A restaurant bathroom is not the ideal place to deliver a high-risk pregnancy, but Gracelyn Mae wasn’t going to wait. Her parents, Falon and Robert Griffin, were heading to University Hospital so their baby could be delivered by Dr. Patrick Ramsey, an obstetrician and maternal-fetal medicine specialist. They stopped at the Chick-Fil-A at U.S. 281 and Evens Road — after closing time — to meet friends who would pick up their two older children, but Falon urgently needed to use the restroom. Employees opened the door and let them in. Then she started to give birth. “At that moment I realized, ‘Oh my …Read More >

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Comic image of man seared by barbecure flames

Don’t get burned!

Categories: Children's Health  /  Emergency care  /  News  /  trauma

It’s another sweltering South Texas summer. Step outside and the risk of burns are everywhere — in addition to the everyday burn hazards that lurk inside our homes. University Hospital’s level I pediatric trauma center and burn program works to get the word out about burn risks. But how much do you know about burns? Take this burn quiz, courtesy of University Health System’s Health Library, and test your burn IQ. You might pick up a few tips on how to keep yourself and your family from getting burned.

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Surviving The 4th – With Fingers and Toes Intact

Categories: Children's Health  /  Emergency care

The 4th of July is a time for food, family — and of course fireworks. However, before you light up that sparkler this holiday week, make sure to consider the hazards of fireworks and how to keep yourself and your children safe. Are fireworks safe for my family to use? According to the U.S. Consumer Product Safety Commission, 280 people a day visited emergency rooms across the country with fireworks- related injuries in the month around the July 4th holiday last year. Here in San Antonio, University Hospital saw a number of injuries with our level I pediatric trauma center …Read More >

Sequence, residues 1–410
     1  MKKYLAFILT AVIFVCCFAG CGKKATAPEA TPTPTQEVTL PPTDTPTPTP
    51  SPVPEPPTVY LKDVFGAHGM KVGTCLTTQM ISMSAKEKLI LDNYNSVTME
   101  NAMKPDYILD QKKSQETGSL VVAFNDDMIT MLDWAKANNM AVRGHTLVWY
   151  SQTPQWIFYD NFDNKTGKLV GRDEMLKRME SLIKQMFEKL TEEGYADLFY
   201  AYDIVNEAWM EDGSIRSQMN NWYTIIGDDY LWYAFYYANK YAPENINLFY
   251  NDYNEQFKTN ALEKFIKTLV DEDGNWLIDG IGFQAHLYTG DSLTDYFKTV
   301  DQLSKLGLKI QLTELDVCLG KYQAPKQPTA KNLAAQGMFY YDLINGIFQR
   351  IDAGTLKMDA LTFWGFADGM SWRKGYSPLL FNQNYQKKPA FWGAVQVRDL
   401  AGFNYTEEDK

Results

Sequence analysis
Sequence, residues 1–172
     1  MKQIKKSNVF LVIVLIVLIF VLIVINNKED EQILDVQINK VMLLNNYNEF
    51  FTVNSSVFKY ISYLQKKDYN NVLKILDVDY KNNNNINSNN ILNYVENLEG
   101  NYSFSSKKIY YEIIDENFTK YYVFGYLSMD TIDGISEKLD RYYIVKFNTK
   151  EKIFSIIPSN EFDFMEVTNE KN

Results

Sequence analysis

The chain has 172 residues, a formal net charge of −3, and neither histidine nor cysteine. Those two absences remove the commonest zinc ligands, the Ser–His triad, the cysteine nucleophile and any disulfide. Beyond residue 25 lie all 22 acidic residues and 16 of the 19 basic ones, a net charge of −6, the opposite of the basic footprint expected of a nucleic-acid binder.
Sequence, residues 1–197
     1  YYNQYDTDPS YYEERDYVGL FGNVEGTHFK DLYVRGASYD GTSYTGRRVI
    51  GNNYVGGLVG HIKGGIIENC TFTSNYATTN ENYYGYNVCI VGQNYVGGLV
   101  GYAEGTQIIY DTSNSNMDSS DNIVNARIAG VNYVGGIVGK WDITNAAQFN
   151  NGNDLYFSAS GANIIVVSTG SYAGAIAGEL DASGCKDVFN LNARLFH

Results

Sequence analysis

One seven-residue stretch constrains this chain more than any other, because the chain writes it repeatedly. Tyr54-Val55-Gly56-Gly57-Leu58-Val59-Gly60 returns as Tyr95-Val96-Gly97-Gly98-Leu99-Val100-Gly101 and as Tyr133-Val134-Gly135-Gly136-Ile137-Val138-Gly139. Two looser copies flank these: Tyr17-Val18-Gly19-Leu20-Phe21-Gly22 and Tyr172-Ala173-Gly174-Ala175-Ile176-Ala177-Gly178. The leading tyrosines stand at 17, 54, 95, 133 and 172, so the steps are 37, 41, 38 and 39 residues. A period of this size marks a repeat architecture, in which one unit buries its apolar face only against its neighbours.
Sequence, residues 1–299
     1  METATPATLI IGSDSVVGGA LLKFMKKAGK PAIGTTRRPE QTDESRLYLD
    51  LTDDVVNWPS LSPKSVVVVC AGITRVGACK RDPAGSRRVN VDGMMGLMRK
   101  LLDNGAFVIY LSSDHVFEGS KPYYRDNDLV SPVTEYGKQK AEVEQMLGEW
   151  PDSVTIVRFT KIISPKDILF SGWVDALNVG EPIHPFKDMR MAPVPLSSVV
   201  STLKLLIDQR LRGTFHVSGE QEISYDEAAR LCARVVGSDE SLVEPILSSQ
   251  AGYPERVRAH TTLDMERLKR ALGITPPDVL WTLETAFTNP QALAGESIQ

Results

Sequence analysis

Summer safety tips: Keeping your kids safe in the water this summer

There’s nothing like spending a hot Texas summer day lounging in a pool, lake or river. However, as families head to the water this summer to cool off, it’s important that they remember the importance of practicing good water safety. Who is Most at Risk from Drowning? According to the World Health Organization, drowning is the third leading cause of unintentional injury death worldwide with an estimated 360,000 deaths from drowning each year. Each day in the United States, 10 people drown. Of these, two are 14 years old or younger. Often, young children are the most at risk of …Read More >